She suspected, she said, that “you just can’t lengthen telomeres without a price,” and began looking for people with very long telomeres to see what the cost might be.

She decided to look for people with a common POT1 genetic mutation that can lead to long telomeres. It was known to increase the risk of cancer, but most researchers thought it was for reasons other than telomere lengthening.

As a result, she had 17 people from five families. Their ages ranged from 7 to 83 and they had unusually long telomeres.

They also had tumors ranging from benign ones like goiter and uterine fibroids to malignant ones like melanoma and blood cancer. During the two-year study, four patients died from various types of cancer.

Harriet Brown, 73, of Frederick, Maryland, is one of the study participants with very long telomeres. She had benign tumors called paragangliomas on her neck and throat, thyroid cancer, and two melanomas. She also has CHIP, a blood disorder associated with heart disease and blood cancer.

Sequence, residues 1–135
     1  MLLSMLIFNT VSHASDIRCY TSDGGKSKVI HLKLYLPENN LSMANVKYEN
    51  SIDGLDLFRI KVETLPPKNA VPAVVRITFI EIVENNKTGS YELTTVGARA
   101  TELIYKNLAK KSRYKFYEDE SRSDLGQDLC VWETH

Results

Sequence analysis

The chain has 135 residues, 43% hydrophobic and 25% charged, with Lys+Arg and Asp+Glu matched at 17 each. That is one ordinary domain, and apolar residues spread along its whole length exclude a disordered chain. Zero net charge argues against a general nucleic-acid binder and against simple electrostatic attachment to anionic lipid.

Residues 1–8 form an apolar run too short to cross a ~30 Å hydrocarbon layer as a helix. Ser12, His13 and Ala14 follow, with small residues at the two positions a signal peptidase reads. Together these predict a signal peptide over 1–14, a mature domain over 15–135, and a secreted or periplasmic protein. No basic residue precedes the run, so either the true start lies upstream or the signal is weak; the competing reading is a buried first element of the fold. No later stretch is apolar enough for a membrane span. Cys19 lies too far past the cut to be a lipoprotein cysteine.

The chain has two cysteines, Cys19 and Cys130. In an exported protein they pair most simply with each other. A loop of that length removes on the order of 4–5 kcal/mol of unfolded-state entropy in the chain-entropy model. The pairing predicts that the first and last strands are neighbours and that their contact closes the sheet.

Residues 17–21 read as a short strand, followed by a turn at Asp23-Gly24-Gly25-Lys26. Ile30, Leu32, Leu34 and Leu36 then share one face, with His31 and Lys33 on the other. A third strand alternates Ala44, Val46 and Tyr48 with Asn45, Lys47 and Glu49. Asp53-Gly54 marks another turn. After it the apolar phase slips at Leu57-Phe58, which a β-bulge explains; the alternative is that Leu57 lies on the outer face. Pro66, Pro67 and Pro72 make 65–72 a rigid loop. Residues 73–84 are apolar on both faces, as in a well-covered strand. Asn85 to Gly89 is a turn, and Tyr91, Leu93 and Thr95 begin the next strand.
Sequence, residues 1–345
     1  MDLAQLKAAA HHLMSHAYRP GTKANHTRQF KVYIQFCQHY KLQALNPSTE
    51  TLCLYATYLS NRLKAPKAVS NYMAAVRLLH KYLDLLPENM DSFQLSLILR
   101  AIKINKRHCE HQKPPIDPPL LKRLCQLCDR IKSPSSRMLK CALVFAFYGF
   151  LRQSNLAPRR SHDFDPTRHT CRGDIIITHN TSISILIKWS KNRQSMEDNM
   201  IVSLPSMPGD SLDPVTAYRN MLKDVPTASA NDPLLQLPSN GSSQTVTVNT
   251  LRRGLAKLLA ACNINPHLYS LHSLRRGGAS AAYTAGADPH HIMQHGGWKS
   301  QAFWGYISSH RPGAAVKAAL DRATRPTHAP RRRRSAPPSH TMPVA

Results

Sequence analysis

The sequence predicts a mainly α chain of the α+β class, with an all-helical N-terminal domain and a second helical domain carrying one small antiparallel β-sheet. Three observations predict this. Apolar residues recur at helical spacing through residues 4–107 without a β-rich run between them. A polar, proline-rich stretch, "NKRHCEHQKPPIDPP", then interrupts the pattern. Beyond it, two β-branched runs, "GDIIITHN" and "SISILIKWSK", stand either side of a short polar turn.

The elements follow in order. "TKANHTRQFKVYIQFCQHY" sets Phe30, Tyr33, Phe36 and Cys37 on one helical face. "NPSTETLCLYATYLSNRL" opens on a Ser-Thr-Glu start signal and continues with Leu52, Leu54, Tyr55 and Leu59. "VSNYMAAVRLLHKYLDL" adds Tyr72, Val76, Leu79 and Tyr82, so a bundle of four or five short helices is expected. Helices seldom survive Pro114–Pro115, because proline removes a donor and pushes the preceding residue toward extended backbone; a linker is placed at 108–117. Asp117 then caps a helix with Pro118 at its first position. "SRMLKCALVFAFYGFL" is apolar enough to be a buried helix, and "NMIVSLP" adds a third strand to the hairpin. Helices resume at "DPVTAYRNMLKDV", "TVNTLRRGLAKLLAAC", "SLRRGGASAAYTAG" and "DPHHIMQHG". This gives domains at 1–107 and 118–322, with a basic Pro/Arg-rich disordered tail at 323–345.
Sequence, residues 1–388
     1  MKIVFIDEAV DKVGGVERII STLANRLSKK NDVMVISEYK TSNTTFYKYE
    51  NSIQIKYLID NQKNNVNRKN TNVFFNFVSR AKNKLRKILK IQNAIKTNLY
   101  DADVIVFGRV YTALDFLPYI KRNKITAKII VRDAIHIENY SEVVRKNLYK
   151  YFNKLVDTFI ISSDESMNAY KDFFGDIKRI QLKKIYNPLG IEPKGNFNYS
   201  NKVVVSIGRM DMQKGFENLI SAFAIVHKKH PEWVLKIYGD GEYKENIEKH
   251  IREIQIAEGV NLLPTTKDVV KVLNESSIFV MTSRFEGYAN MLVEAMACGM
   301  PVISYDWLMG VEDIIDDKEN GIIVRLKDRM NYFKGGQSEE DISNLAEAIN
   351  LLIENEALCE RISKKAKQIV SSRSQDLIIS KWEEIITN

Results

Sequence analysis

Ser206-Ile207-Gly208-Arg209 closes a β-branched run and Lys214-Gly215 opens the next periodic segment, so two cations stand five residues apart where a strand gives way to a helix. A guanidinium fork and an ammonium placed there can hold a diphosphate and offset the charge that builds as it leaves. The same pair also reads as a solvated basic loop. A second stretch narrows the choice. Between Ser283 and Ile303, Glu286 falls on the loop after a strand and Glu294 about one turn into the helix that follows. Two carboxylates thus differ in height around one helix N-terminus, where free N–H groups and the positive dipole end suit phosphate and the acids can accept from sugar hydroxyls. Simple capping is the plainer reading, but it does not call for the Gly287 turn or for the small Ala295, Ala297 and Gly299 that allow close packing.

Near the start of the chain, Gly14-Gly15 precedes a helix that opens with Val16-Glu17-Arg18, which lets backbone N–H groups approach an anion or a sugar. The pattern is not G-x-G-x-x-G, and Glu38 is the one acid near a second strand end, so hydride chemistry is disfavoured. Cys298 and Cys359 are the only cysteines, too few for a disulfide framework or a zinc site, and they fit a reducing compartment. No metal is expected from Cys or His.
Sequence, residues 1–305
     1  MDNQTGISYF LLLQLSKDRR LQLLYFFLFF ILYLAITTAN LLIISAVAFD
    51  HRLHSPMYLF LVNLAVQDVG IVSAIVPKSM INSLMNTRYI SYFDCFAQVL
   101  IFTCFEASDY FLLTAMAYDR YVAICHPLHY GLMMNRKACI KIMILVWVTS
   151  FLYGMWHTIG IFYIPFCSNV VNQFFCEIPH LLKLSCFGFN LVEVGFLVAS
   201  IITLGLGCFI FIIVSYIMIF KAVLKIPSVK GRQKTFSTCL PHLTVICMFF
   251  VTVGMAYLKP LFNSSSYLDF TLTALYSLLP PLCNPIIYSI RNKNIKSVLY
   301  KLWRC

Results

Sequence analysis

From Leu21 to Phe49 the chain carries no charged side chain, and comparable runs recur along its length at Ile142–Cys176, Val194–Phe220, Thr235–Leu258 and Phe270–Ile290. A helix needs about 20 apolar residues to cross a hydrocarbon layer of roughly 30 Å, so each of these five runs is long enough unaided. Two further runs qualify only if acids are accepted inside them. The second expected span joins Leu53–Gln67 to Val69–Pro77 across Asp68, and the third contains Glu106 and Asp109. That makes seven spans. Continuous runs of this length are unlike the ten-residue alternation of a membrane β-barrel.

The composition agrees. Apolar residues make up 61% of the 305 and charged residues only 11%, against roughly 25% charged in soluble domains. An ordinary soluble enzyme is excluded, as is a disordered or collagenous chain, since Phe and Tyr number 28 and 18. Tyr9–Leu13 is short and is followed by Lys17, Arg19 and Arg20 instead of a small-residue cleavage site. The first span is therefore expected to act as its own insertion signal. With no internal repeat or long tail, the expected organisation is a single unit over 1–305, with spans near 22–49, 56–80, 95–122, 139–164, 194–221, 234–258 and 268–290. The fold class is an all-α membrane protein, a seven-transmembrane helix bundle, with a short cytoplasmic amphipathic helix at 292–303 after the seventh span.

She often gets scans and checkups, but, she says, “There’s really not much I can do at the moment” because there’s no way to prevent new tumors from developing.

The effect of long telomeres on people like Ms. Brown is understandable, the doctor said. Norman Sharpless is professor of cancer policy and innovation at the University of North Carolina School of Medicine and former director of the National Cancer Institute.

“Not so long telomeres make cells grow,” he said. “The thing is, they don’t have the brakes to stop them from growing.” And because the telomeres of people with POT1 mutations don’t shorten with every cell division, the cells hang in place, dividing regularly. The longer they divide in the body, the more time they have for the accumulation of random mutations, some of which cause tumor growth.

This is especially true in the blood, where cells are constantly being produced. POT1 mutations in some of these blood cells may give them time to accumulate other mutations that give them a selective growth advantage. Soon, some of these mutated blood cells will take over most of the human bone marrow. The result is CHIP.